I went into the woods because I wanted to live deliberately. I wanted to live deep and suck out all the marrow of life… to put to rout all that was not life; and not, when I came to die, discover that I had not lived.
I went into the wilderness for 3 months without telling anyone. I carefully picked a very remote lake in Northern Alberta and completely disappeared without a trace. I packed my netbook and camera along but didn’t have a solar charger so their power only lasted for initial few days. Learning to slow down was single most difficult part which I’m gonna have to continue working on as I still haven’t mastered it. I returned back solely to clear the path for my next, longer stay away from the consumer society.
I didn’t ask for permission, I didn’t waste time trying to explain to anyone why I needed to do it – I simply did it. To my surprise, after I came clean with my parents, they weren’t mad. Not even after I told them that this was just a warm up and that I will go back after I’ve taken care of a few legal and moral obligations my citizenship requires of me. My dad’s response was that I involved myself in more than too many crazy adventures in the past and many worked out for me, so there was little to raise concern that I’d have any difficulty pulling this one through just as successfully.
There was simply no argument my parents could make to counter my intention to leave behind this insane money-chasing, going-nowhere life in a pretentious and superficial world where I was along with other zombies naught more than a living dead in a scheme laid up by power-tripping war lords.
My mom’s illogically baseless statement that life in the wilderness could be dangerous was the easiest to counter. I mean, how could life away from drug dealers, rapists, murderers, drunk drivers and other human filth be dangerous? Potential dangers lurk around anywhere you go, but in general terms, it doesn’t get any safer than when you are away from people.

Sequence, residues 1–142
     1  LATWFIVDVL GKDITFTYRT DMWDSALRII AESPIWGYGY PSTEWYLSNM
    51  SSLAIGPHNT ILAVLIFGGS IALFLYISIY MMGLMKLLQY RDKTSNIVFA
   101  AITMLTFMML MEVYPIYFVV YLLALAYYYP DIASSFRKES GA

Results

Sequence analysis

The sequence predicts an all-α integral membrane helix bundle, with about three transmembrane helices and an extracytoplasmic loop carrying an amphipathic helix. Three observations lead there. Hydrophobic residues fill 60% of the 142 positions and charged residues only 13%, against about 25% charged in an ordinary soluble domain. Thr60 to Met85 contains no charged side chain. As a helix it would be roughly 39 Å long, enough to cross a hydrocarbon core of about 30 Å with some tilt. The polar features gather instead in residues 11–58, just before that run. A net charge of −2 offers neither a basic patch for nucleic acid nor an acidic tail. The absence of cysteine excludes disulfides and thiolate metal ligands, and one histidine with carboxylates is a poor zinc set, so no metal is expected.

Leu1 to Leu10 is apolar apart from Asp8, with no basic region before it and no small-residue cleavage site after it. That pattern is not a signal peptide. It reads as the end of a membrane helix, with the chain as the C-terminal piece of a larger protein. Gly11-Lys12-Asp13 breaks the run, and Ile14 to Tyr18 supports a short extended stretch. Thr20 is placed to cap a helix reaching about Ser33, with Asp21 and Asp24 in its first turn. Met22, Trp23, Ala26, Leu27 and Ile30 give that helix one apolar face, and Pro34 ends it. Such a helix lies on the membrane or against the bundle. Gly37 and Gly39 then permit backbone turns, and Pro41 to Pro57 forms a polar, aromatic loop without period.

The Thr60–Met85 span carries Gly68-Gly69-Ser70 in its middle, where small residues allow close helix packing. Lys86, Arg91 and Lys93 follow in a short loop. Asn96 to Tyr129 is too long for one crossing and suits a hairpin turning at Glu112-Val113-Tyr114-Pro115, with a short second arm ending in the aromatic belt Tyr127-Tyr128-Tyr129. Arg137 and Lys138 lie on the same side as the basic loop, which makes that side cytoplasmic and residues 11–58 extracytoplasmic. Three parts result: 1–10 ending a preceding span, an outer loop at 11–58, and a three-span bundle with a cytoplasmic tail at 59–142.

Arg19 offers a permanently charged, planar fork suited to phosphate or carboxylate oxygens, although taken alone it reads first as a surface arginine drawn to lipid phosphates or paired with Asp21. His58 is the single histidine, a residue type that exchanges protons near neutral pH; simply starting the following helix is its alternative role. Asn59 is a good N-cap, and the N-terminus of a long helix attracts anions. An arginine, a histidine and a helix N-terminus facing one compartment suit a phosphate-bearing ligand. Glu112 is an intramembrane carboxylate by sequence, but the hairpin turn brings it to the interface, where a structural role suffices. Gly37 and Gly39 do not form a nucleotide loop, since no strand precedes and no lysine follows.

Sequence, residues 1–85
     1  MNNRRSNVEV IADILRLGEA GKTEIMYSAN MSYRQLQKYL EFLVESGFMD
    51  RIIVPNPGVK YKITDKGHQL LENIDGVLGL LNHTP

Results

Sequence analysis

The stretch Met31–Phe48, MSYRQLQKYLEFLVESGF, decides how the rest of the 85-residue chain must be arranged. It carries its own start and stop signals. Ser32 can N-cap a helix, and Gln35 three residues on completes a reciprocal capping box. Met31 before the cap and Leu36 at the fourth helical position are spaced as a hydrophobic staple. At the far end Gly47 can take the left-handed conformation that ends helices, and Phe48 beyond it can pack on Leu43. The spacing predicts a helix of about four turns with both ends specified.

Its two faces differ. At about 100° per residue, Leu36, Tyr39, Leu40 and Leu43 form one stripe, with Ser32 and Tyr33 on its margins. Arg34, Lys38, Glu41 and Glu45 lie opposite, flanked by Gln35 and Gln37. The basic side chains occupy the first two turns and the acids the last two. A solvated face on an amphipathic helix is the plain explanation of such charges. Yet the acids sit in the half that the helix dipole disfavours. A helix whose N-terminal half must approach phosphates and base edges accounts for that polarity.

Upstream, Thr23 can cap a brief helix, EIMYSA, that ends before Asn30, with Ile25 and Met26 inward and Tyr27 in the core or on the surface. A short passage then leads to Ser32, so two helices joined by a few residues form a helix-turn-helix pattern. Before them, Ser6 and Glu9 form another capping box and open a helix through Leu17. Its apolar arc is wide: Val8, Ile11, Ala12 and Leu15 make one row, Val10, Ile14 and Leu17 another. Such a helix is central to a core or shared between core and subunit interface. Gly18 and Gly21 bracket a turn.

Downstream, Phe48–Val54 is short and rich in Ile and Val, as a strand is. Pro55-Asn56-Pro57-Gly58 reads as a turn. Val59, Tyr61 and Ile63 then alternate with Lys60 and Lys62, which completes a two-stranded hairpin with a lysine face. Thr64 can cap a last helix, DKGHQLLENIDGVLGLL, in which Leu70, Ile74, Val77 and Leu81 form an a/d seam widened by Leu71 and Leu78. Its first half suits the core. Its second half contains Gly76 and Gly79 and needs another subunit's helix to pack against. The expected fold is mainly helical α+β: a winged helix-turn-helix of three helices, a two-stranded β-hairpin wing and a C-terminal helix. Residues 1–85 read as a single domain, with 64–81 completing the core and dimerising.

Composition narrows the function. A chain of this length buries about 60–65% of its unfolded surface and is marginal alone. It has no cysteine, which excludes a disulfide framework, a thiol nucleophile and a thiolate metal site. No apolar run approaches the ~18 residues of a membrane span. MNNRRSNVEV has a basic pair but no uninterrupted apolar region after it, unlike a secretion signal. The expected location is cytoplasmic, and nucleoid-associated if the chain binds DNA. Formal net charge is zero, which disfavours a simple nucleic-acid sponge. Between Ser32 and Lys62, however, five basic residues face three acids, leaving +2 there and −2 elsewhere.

My parents are deeply religious so their main disappointment with me is that I don’t go to church like they had taught me to, but if I were to acknowledge the existence of God, I wouldn’t expect to find him in the filth of the greed-fuelled war machine. I’d look for him in rivers that flow through land, in animals that tread its soil, in rocks that crown proud mountain tops. I’d look for him in flowers that add fragrance to the meadows, in pine needles that soften up the mountain floors, in drops of mist that glide lazily through the shades of endless forests. God is Earth and whatever befalls the Earth, befalls the sons of Earth. We are all Sons of Earth.
My philosophy is kinship with all creatures of the earth, sky and water. I want to embrace a slow living lifestyle which would allow me to serve the Earth and appreciate her beauty. I want to live in rhythm with nature and her seasons for they each are beautiful in their own individualistic way. I want to take time out to watch clouds glade over the moon, sunrise outline the shape of the mountains and thunderstorm light up the northern sky.
At my first run at living alone in the wilderness, I lived like a hermit. Because I don’t live in a hunter/gatherer society and my country has enforceable laws I as its citizen am subjected to, I’m presently taking care of my obligations so I can return to the wilderness and stay there for a long time. But this time around I won’t live like a hermit, I will live as one.